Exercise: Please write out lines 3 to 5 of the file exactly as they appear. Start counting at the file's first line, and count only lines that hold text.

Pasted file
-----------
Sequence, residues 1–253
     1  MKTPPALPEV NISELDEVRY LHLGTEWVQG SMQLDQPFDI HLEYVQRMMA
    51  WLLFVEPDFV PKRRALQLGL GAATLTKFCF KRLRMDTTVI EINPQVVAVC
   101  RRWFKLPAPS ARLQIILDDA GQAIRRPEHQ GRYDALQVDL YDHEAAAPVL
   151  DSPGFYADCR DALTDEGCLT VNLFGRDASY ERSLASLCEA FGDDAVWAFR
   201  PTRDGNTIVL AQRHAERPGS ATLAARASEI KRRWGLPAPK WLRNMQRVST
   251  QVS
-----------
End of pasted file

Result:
    51  WLLFVEPDFV PKRRALQLGL GAATLTKFCF KRLRMDTTVI EINPQVVAVC
   101  RRWFKLPAPS ARLQIILDDA GQAIRRPEHQ GRYDALQVDL YDHEAAAPVL
   151  DSPGFYADCR DALTDEGCLT VNLFGRDASY ERSLASLCEA FGDDAVWAFR